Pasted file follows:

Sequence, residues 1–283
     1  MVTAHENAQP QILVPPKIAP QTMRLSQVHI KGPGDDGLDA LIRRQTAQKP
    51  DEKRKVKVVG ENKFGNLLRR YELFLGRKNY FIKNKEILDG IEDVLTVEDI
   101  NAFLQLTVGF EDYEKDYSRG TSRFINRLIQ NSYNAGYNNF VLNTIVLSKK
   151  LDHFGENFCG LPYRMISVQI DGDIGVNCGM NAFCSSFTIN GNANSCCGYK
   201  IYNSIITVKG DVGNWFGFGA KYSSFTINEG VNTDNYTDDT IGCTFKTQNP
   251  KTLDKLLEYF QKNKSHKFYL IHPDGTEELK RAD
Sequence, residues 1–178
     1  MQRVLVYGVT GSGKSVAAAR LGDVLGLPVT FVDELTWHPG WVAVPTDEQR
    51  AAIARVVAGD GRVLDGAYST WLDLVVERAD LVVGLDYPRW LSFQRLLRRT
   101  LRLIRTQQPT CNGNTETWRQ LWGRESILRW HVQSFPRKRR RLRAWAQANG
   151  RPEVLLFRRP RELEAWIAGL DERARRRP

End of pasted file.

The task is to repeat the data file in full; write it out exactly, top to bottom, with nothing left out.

Sequence, residues 1–283
     1  MVTAHENAQP QILVPPKIAP QTMRLSQVHI KGPGDDGLDA LIRRQTAQKP
    51  DEKRKVKVVG ENKFGNLLRR YELFLGRKNY FIKNKEILDG IEDVLTVEDI
   101  NAFLQLTVGF EDYEKDYSRG TSRFINRLIQ NSYNAGYNNF VLNTIVLSKK
   151  LDHFGENFCG LPYRMISVQI DGDIGVNCGM NAFCSSFTIN GNANSCCGYK
   201  IYNSIITVKG DVGNWFGFGA KYSSFTINEG VNTDNYTDDT IGCTFKTQNP
   251  KTLDKLLEYF QKNKSHKFYL IHPDGTEELK RAD
Sequence, residues 1–178
     1  MQRVLVYGVT GSGKSVAAAR LGDVLGLPVT FVDELTWHPG WVAVPTDEQR
    51  AAIARVVAGD GRVLDGAYST WLDLVVERAD LVVGLDYPRW LSFQRLLRRT
   101  LRLIRTQQPT CNGNTETWRQ LWGRESILRW HVQSFPRKRR RLRAWAQANG
   151  RPEVLLFRRP RELEAWIAGL DERARRRP